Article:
Much domestic violence literature has called attention to the fact that women's material needs for shelter, daycare, employment, and legal protection may render them helpless to leave toxic relationships. Yet, even with the provision of these, many women remain tightly wound in their abusers' embrace. In Cupid's Knife: Women's Anger and Agency in Violent Relationships, Abby Stein draws on the gripping narratives of physically and emotionally abused women to illuminate how splitting off their own aggression undermines women's agency, making it almost impossible for them to leave violent partners. Psychology, with its focus on 'managing' men's anger in violent relationships, has had little to offer in the way of substantive critical work with women on the identification, integration and constructive use of a range of darker emotions typically labelled as antithetical to the norms for female behaviour.
In this book, Abby Stein shows that although a number of psychological processes that contribute to the intractability of abusive relationships have been identified – such as trauma bonding and learned helplessness – their recognition has offered no clinical pathway out of the abyss. Stein suggests that our attention to other aspects of the internal world, the relational framework, and the cultural context in which both operate, may be more useful than current interventions in determining individual treatments that break the oft-cited 'cycle of violence'. More globally, Cupid's Knife: Women's Anger and Agency in Violent Relationships jumpstarts a provocative conversation about how female aggression can be repurposed as a catalyst for social change. It will be essential reading for psychoanalysts, psychologists, psychiatrists, sociologists, criminologists, students and the lay reader with an interest in clinical treatment, interpersonal psychoanalysis, domestic violence, gender roles, dissociation and aggression.
"I think that Cupid’s Knife will be very useful for experienced clinicians who are already comfortable conducting psychotherapy and who will most likely find that Stein’s work adds to their ability to imagine the experiences underlying a woman’s pattern of abusive relationships in a way that permits them to formulate more creative and effective responses to the challenges of helping these women. The book could also be useful for non-clinicians who work with women in relevant contexts and people who work with their partners and their children."- Wendy Katz, The International Journal of Psychoanalysis
"Any account of romantic love under the siege conditions of relational violence must seek out paradox. Abby Stein has that gift, showing us how women's anger and agency are woven through the tendrils of abuse and victimization. Her book hurts. But it also inspires – her writing, scholarship, and clinical depth transform portraits of "victims" into those of survivors, whose stories demand our attention and respect." - Virginia Goldner, Ph.D., Clinical Professor of Psychology, New York University Post-doctoral Program in Psychotherapy and Psychoanalysis; Faculty Emeritus, Gender and Violence Project, Ackerman Institute for the Family
An Ill-Fated Introduction. The Utility of Contempt. Engendered Self-States. Masochism as Medium. Theater of Judicial Absurdity. Venus With Arms. Epilogue.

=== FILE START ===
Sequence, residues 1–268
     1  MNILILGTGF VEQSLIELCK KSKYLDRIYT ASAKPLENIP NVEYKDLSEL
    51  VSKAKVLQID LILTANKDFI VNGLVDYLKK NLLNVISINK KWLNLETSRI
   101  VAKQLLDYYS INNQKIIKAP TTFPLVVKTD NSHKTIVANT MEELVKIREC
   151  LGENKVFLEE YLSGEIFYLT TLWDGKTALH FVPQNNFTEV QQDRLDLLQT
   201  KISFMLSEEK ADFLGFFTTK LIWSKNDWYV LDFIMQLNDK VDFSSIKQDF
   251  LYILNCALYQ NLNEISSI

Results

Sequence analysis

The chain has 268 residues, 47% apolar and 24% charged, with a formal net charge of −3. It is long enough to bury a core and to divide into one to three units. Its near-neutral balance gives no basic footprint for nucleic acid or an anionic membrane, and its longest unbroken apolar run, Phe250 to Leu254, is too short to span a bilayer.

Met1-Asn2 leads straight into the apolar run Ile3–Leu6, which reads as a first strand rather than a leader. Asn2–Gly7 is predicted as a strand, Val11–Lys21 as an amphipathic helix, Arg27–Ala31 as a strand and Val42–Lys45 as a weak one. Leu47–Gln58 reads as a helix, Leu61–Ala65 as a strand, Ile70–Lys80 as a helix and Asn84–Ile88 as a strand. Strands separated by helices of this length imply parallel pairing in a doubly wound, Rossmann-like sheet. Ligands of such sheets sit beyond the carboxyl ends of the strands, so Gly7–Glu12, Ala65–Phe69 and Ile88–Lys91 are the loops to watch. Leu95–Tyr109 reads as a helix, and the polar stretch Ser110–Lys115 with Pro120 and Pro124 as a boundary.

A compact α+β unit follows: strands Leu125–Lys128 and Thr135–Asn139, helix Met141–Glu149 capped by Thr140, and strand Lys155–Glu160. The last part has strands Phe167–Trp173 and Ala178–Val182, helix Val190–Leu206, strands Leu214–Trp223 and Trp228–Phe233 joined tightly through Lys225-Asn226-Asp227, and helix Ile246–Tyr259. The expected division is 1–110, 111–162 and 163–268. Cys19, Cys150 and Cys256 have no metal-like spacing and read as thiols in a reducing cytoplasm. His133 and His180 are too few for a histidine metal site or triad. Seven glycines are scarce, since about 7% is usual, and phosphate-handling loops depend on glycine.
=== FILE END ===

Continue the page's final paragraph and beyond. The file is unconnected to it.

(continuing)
When music is played in a new key, the melody does not change, but the notes that make up the composition do: change in the context of continuity, continuity that perseveres through change. Psychoanalysis in a New Key publishes books that share the aims psychoanalysts have always had, but that approach them differently. The books in the series are not expected to advance any particular theoretical agenda, although to this date most have been written by analysts from the Interpersonal and Relational orientations.
The most important contribution of a psychoanalytic book is the communication of something that nudges the reader’s grasp of clinical theory and practice in an unexpected direction. Psychoanalysis in a New Key creates a deliberate focus on innovative and unsettling clinical thinking. Because that kind of thinking is encouraged by exploration of the sometimes surprising contributions to psychoanalysis of ideas and findings from other fields, Psychoanalysis in a New Key particularly encourages interdisciplinary studies. Books in the series have married psychoanalysis with dissociation, trauma theory, sociology, and criminology. The series is open to the consideration of studies examining the relationship between psychoanalysis and any other field – for instance, biology, literary and art criticism, philosophy, systems theory, anthropology, and political theory.
But innovation also takes place within the boundaries of psychoanalysis, and Psychoanalysis in a New Key therefore also presents work that reformulates thought and practice without leaving the precincts of the field. Books in the series focus, for example, on the significance of personal values in psychoanalytic practice, on the complex interrelationship between the analyst’s clinical work and personal life, on the consequences for the clinical situation when patient and analyst are from different cultures, and on the need for psychoanalysts to accept the degree to which they knowingly satisfy their own wishes during treatment hours, often to the patient’s detriment.